The day starter for me at 0345, I’m scheduled for the 0400 watch and helm shift. The night was incredibly beautiful with a crystal clear sky, the ocean and waves rhythmically slicing past, and light warm winds. The spinnaker was up and the main was out and on a small preventer. I like to sail headsail only when the conditions are right. They were this night. We centered the main and put her away. Without the effect of the mainsail on the wind coming off the spinnaker, the spinnaker was free fill with wind, settle in and pull us along. I tightened the after guy, loosened the sheet and eased the tack line pulling the spinnaker pole to windward on our starboard side. The spinnaker gently followed by coming around a bit and squared perfectly in front of Blue Moon’s bow to drive us deep down wind. An asymmetrical spinnaker on a spinnaker pole to the tack and poled out to windward to get a deep downwind angle is a fairly new approach and it was working perfectly. We had the mast light on to softly light up the spinnaker which not only gave us the ability to see and manage the spinnaker but also presented this beautiful giant canvas in front of us. We could see every star, every constellation, the arms of the milky way, it was incredible. Nathan suggested we turn off the mast light to see more stars and to see if we could sail the spinnaker by the bright moon and star light alone. I enjoy the idea of two people looking up at the moon or a selected star from different places at they same time as a way of seeing it together. Seeing more stars and flying the spinnaker by starlight and the moonlight sounded like a great idea so I we turned off the mast light. The spinnaker was easy to see against the star lit sky. The edges clear and the tack and sheet easy to manage as she was set up very balanced with Blue Moon comfortably in her sweet spot dancing in the swells and loving the wind. She was all on her own, so balanced we didn’t need to touch anything.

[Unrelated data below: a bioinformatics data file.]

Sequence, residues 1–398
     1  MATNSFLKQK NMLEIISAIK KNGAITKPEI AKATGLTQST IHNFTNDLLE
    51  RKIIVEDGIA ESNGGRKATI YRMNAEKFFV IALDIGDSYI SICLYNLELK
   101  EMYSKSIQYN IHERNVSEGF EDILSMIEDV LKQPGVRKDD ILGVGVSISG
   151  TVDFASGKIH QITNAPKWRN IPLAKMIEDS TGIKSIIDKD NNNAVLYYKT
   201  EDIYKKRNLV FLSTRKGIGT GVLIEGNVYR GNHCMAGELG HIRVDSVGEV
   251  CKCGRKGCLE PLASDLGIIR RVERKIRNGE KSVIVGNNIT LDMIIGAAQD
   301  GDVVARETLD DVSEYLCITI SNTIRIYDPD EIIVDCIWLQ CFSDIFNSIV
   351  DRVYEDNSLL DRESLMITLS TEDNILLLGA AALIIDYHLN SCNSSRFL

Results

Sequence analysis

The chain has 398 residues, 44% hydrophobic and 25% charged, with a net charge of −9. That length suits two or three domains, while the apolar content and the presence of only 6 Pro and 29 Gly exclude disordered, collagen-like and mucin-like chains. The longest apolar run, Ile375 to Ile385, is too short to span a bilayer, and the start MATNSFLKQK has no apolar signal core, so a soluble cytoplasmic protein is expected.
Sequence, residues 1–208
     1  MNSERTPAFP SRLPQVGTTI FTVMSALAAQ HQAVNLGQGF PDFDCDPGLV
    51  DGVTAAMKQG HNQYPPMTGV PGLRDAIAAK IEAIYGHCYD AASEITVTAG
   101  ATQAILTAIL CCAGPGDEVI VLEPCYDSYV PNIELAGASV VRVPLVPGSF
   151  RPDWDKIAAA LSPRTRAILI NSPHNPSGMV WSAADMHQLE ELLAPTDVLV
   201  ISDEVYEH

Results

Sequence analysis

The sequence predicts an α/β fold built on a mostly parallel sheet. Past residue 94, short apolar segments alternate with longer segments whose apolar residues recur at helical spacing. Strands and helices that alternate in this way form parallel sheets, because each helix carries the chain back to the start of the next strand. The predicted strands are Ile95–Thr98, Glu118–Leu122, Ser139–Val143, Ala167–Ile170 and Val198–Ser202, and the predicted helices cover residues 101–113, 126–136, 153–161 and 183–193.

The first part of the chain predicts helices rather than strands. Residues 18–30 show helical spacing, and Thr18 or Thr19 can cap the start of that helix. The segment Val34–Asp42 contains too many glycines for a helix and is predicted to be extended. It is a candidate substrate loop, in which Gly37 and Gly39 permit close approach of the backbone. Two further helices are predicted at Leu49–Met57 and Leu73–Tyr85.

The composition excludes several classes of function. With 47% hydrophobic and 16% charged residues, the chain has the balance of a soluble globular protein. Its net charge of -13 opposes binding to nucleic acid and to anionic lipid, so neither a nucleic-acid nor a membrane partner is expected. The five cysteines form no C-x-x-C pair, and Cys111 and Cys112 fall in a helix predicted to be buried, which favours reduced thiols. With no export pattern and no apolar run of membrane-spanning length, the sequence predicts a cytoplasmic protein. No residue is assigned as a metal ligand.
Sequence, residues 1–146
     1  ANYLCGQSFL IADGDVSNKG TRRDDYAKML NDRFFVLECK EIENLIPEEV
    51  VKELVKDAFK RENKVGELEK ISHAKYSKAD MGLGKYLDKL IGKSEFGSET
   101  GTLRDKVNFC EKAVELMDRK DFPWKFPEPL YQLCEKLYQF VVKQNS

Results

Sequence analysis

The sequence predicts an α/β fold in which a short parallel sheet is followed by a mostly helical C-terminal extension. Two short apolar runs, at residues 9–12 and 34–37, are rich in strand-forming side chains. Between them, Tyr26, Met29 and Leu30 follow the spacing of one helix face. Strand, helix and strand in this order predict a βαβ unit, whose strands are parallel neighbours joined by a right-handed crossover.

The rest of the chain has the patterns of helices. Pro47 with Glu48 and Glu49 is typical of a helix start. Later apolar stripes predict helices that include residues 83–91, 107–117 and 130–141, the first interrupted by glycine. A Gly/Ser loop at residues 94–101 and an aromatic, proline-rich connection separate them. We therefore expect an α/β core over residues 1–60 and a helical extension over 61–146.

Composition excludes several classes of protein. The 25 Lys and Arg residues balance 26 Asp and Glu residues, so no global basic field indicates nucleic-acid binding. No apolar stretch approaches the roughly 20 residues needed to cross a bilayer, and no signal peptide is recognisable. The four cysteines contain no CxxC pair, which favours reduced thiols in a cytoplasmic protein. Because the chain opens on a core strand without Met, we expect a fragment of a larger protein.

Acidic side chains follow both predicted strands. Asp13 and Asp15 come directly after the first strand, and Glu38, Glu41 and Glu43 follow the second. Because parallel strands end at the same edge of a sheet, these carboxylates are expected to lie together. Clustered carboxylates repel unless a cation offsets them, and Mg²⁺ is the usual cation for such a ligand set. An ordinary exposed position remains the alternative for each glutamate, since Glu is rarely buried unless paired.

There was a sudden pop and a bang and the spinnaker was gone. Just like that. The halyard had broken and the spinnaker fell onto the sea. Nathan and I jumped to grab the spinnaker and Marye Ellen went the wake up more crew to help. Nathan was grabbing and untangling the 5 lines that keep the spinnaker flying. They needed to be released so we could gain control and bring the spinnaker back onboard. I was laying on the deck reaching over the port side pulling as much of the spinnaker out of the water as I could. We got her back onboard and safe after about an hour of untangling and repacking. She appeared undamaged but soaking wet. The spinnaker halyard had come apart at the spliced eye, and they halyard had fallen through the center of the mast. The halyard would need to be repaired and run up the mast again as soon as the conditions allow for someone to climb to the top of the mast and re-run the halyard. We’ll do this at sea in the next couple of days and get the spinnaker up again.
The night before, we were running the engine so its alternator would charge the batteries as we made water through the night to recover from our fresh water loss. The batteries started reporting a drop in voltage meaning that somehow the alternator was depleting the batteries instead of replenishing them. We are still working through this electrical issue. Have plenty of water now and are making water every day in excess of our consumption thanks to the solar panels. The solar panels have been providing enough energy to run all the boat systems and make water, with enough energy to keep the battery bank to a good charge level.
The wind is still low, but it has improved to where we can make better progress toward Hawaii.